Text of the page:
Nancy Shukri displays a uniquely Sarawakian openness which is difficult to emulate by her Peninsular peers

IN A video that many in Peninsula Malaysia would find surprising – and perhaps even abhorrent to some – Datuk Seri Nancy Shukri is shown enjoying a meal in a Chinese kopitiam in Sarawak alongside many other diners from different ethnic backgrounds.

What is probably anathema to many Peninsulans is the idea of Muslims dining in a very obviously non-halal eatery. Ironically, the Women, Family and Community Development Minister wasn’t the only Muslim diner in the clip as many more women donning the hijab can be seen comfortably seated in background.

The undated video highlights Sarawak’s unique melting pot culture – one that showcases the true muhhibah spirit where people of different backgrounds gather to just eat, gossip and bond over good grub, unperturbed by the semantics of halal-ness.

The fact that fellow diners were enjoying dishes such as bak kut teh (herbal pork rib soup) at the same table did not seem to perturb the MP for Santubong in the least bit.

Compare and contrast with the current landscape in West Malaysia where decades of divisive rhetoric from politicians and religious figures have created a society overly-fussed by this issue.

A recent example would be the negative reaction of certain netizens to a supposedly halal restaurant employee preparing food whilst having the nerve to wear, gasp, a crucifix. The restaurant’s knee jerk reaction to the comments from these blinkered and overly-sensitive types was to wrongfully terminate the poor man.

In a further sign that the unity government is afraid of upsetting these neo-conservatives, no further action was taken against the errant employers – Mon Chinese Beef Roti restaurant.

Common sight in Sarawak

Before any bigots start harping on the former Tourism, Arts and Culture Minister’s mixed heritage for not being overly concerned about where she eats, do note this is very much the culture in Sarawak.

“Yong Hua restaurant @ Alai is popular among Kuching folks. Even though I’m always in Kuching, I rarely have the opportunity to eat at the restaurant,” explained Nancy in a recent TikTok post.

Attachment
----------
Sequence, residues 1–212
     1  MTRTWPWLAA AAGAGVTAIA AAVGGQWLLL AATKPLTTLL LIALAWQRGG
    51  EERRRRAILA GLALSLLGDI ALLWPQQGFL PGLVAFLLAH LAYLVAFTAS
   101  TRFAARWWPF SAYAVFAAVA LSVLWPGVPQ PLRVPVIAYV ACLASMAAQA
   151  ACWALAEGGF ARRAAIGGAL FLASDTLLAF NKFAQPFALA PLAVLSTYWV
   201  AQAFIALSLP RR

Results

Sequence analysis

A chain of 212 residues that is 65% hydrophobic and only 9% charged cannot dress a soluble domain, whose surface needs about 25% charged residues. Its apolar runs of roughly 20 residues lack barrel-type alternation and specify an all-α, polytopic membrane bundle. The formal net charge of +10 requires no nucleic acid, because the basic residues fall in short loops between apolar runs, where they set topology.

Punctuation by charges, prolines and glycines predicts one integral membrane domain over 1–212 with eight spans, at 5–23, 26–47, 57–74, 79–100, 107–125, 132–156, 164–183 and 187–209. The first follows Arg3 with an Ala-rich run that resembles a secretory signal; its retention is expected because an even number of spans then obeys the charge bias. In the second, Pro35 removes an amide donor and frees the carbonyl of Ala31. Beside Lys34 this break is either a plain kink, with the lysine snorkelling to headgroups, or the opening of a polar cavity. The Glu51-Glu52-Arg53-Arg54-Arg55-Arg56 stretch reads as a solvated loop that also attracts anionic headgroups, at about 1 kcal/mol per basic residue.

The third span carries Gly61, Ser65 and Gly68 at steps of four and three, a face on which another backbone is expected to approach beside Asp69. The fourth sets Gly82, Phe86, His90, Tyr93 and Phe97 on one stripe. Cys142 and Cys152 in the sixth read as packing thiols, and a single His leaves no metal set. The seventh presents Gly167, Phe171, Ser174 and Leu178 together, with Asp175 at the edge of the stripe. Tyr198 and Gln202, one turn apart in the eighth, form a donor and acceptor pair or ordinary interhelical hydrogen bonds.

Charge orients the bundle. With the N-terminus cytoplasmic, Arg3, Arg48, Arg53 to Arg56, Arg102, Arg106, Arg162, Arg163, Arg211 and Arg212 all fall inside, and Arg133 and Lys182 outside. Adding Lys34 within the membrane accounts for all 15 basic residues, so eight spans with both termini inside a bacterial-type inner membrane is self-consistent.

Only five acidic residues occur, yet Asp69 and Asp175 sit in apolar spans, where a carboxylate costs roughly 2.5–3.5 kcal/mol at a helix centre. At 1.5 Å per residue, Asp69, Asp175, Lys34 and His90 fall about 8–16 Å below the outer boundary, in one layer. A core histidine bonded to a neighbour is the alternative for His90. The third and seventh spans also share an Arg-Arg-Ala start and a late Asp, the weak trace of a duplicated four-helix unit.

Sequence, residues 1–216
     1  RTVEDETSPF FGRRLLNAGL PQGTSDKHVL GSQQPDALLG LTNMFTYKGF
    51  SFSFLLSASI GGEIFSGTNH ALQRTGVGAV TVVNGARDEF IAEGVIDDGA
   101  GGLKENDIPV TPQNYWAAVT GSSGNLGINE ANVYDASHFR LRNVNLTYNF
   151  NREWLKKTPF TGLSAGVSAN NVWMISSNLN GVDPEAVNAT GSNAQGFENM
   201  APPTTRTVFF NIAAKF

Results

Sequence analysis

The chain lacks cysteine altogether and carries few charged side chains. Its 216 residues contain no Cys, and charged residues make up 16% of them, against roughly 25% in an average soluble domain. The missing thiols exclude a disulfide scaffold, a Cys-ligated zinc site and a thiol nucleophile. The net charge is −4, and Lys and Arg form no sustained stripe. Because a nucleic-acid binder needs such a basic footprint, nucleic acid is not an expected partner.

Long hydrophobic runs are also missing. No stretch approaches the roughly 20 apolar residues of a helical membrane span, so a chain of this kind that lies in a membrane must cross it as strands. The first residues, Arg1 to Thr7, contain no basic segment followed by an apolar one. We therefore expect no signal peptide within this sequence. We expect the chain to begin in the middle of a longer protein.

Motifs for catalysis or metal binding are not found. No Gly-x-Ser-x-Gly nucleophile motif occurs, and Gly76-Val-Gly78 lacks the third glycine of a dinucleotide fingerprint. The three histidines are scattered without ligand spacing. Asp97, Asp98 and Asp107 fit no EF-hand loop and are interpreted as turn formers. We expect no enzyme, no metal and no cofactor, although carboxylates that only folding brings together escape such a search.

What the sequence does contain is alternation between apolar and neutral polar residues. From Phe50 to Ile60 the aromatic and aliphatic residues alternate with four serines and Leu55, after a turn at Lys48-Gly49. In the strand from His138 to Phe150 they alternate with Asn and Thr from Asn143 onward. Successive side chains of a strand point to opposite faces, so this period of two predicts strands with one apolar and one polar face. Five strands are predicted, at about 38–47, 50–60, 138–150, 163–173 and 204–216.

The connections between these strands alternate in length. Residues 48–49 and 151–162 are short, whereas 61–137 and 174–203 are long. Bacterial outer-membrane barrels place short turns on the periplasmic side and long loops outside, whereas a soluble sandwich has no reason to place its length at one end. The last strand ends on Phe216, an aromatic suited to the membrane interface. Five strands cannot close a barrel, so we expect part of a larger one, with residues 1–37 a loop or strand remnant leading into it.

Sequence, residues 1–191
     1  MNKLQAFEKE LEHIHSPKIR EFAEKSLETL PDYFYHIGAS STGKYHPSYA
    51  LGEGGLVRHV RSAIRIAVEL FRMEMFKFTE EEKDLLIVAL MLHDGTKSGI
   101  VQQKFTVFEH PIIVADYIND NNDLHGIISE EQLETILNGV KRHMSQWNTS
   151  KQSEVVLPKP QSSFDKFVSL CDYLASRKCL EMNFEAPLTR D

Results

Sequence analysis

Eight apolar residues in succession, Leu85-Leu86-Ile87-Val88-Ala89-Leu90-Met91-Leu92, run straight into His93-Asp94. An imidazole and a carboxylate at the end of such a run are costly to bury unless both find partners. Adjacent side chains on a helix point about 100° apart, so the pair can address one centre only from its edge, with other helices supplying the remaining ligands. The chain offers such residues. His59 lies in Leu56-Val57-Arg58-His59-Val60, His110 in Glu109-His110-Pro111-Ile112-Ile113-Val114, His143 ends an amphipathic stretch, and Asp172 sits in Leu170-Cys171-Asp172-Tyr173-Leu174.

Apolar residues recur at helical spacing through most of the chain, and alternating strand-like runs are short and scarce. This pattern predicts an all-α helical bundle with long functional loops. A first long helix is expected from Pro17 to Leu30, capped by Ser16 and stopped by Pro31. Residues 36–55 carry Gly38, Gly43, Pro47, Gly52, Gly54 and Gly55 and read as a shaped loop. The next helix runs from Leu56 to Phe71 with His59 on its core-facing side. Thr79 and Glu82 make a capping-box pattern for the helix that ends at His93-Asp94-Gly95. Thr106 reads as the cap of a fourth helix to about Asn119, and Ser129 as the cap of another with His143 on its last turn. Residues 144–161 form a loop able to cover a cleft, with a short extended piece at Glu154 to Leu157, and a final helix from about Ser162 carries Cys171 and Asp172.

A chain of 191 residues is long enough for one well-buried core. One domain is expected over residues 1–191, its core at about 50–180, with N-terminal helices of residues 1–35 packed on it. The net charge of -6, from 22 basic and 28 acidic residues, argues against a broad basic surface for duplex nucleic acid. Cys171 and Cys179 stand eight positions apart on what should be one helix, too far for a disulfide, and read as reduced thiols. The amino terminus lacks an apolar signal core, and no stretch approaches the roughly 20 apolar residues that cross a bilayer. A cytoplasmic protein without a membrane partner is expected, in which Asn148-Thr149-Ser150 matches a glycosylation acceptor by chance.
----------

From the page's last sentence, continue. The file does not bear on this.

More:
“But that day, I got together with old friends, Datuk Rubiah Wang (Deputy Rural and Regional Development Minister) and Datuk Seri Rohani Karim (former Women, Family and Community Development Minister).”

Added the 62-year-old Santubong MP: “Although the owner of the shop is Chinese, the entire family gathered there to have breakfast whenever there is a chance.”

Will the ultra-conservatives lambast all Sarawakian Muslims as being kafir (infidel) or guilty of deviant practices? Let’s be honest – if such a video had been recorded in one of the PAS-held states, it will have led to a flurry of police reports and massive public outcry with politicians fanning the flames.

West Malaysians once lived under similar scenarios such as that in the video. That was in the 1960s and 1970s. But today, undergraduates sent to study abroad on taxpayers’ monies are offended when invited to attend an after party at a night club.

Far too often, halal issues have been used to create a ‘us and them’ narrative which has divided society to the brink of imploding on its own self-righteousness.

The video featuring the three women leaders of Gabungan Parti Sarawak (GPS) should serve as a lesson to all Malaysians on the virtues of a ‘live and let live’ attitude. Embracing cultural diversity should be applauded – not shunned. Racial harmony should be fostered not seen as a threat to a certain group’s hegemony.

Alas, in the current climate, it would appear that East and West Malaysia couldn’t be further apart. But the video does lend hope that there are still places within the Federation of Malaysia where a tolerant attitude still prevails.  – Dec 4, 2023

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